The Story of a Winner – Meb Keflezighi
Today is the 49th running of the New York City Marathon. When I’m not writing about the Yankees, I am often writing about running and my experiences as a marathoner.
This year I am suffering through a very bad Achilles injury that has prevented me from being able to compete in the marathon. This saddens me, greatly, because that race (in a way that only a few might understand) has become part of me – a very real part of me. I’ve run NYC seven times. I want to run it 700 times more. I just can’t get enough of it. Having the race go on without me leave me with a very empty feeling deep in my heart. But, like the Yankees…there’s always next year. I will be there next year!
This passage isn’t a baseball story, but it is the story of a champion athlete who just never gave up. It was written a few years ago and can be found in the book Impossible is an Illusion published by Wipf and Stock and is available here. I figured that I would share the story here today as 50,000 + runners take to the streets for the experience of their lives in the greatest city in the world.
Go New York! Go Runners! 26.2 Miles of Glory!
It is probably somewhat normal, even for adults, to have favorite sports figures that they root for. Baseball, football, and hockey players, tennis and golf stars, auto racers, and others come to mind. With that being said, there are probably few people who have a professional marathoner for whom they root.
I am one of those people. I am fan of Meb Keflezighi. He’s a champion marathoner.
But it hasn’t always been that way.
On Saturday, February 13, Meb will be competing in the 2016 United States Marathon Olympic Trials. I will be watching on TV.
A few years ago, I had the pleasure of meeting Meb Keflezighi at a New York Road Runners event. It was a special thrill. It’s not often that I get to meet famous people. I found Meb to be patient and kind. I was amazed that he made time to talk to me.
I invited him to come speak to the children at my school…
I’m still hoping he takes me up on that offer.
The story of Meb Keflezighi inspires me to always strive for greatness, to always give my best, and to know that failure is not permanent. Meb illustrates, very clearly, that one can fail, rise again…and emerge victorious.
This is a story of Meb Keflezighi.
Meb Keflezighi has proven that you can be a winner even if you sometimes fall short of your goals.
For many years, Meb was a runner who continually fell short of his ultimate goal – winning a marathon. For a period, he became the perennial also-ran. The runner up. Meb was the marathoner who couldn’t win the big race.
Some people say, “Second place is the first loser.” And second was where Meb found himself – seemingly quite often. And then, it got worse -he wasn’t even finishing second. He stumbled. His career seemed to be going backwards.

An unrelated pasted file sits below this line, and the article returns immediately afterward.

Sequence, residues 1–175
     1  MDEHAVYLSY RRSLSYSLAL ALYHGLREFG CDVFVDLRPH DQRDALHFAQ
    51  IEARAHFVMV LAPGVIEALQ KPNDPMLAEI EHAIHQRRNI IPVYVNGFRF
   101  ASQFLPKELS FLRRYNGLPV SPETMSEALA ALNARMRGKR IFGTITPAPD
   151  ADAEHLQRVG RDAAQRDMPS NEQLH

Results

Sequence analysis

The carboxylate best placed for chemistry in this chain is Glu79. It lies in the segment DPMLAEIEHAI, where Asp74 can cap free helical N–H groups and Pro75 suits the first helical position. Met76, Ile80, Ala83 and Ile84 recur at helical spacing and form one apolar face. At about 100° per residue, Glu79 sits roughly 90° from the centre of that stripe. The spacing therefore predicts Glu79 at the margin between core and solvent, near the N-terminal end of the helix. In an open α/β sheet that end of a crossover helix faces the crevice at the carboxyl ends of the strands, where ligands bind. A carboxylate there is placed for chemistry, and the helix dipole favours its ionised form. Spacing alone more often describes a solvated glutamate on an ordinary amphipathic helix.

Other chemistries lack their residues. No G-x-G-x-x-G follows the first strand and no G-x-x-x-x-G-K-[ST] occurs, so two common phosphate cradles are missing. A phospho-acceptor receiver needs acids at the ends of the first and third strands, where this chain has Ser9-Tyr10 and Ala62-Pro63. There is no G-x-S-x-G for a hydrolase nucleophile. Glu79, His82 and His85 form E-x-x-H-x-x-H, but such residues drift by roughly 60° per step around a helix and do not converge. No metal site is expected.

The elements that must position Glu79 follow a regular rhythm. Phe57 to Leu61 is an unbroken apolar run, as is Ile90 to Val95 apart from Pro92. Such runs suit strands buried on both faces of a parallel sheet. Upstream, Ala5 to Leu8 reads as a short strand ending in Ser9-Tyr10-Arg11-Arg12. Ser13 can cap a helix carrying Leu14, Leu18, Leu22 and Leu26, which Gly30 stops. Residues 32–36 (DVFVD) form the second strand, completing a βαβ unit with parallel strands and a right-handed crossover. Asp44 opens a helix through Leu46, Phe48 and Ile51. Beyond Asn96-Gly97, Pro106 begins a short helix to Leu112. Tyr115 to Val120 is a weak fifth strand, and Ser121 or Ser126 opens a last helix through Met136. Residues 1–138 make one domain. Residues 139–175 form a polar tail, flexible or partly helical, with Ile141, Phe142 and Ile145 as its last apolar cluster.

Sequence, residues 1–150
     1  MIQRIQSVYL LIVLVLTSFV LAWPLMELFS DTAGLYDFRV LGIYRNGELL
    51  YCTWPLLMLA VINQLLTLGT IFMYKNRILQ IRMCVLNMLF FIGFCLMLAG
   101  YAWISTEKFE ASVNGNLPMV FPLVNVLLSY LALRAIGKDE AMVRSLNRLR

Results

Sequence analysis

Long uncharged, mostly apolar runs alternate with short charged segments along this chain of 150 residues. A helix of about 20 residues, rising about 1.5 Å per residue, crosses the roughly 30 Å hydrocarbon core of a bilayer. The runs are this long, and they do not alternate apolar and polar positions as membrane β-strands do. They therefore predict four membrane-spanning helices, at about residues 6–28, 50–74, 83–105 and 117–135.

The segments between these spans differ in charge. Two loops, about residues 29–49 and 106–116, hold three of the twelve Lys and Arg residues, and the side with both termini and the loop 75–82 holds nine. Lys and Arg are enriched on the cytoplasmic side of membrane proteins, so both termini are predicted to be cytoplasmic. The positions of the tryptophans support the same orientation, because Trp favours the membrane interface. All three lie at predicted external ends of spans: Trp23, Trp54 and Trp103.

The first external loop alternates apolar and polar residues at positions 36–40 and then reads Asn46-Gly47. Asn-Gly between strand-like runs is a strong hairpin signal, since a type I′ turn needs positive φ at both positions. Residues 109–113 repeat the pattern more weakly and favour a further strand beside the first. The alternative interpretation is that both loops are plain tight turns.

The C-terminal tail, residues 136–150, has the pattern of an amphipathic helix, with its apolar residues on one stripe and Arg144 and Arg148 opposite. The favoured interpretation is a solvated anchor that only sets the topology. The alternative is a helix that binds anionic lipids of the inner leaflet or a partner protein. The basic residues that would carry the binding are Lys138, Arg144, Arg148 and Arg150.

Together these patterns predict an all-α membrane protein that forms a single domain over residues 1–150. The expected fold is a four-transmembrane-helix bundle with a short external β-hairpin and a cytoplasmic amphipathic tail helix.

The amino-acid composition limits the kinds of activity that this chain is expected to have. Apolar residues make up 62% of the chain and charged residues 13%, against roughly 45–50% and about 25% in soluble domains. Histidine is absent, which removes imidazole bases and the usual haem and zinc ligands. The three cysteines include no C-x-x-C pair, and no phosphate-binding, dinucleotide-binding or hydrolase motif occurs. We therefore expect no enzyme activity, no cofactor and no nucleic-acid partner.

But, as I often do, I get ahead of myself. So, let’s start at the beginning.
Mebrahtom Keflezighi immigrated to the United States when he was twelve years old. He took up running. He ran some competitions in junior high school (winning a few) and then as a high school student in 1994, he won the California State High School Championships in the 1600 meters and the 3200 meters.
Meb then went to UCLA where he became a four time national champion. During his time at UCLA, he set the American record for the 10,000 meters. His career was on fast forward!
Meb then went for the next big challenge – the marathon.
People predicted greatness. Meb was hailed as “The American Who Would Finally Win a Major Marathon.” (Marathon running has been dominated by runners from countries other than the United States.)
So it began.
In 2002, Meb ran his first marathon, the New York City Marathon. Meb finished in 9th place. For a first race, especially in New York, that was a very respectful showing.
In 2003, Meb ran the Chicago Marathon… and came in 7th. He was getting better.
In 2004, Meb entered the USA Olympic Trials for the Marathon Team. This time, he came in second. This earned him a spot on the United States Olympic team.
Later, in the 2004 Summer Olympics in Athens, Greece, Meb came in second again, winning the Silver Medal. This was the first time since 1976 that an American had medaled in an Olympic Marathon.
Just 70 days later, Meb ran the NYC Marathon and came in… second place.
In total, in 2004, he ran three marathons and had three second place finishes. Meb was on the precipice of greatness. It seemed like he was ready to win a big race.
2005 arrived. He again ran the New York City Marathon. This time he dropped a spot and came in third.
In 2006, Meb ran the Boston Marathon and, again, came in third.
Then came the 2006 New York City Marathon. Many predicted that this would be Meb’s break-out race. It wasn’t.
In that race, Meb finished in 21st place. A disaster. Failure.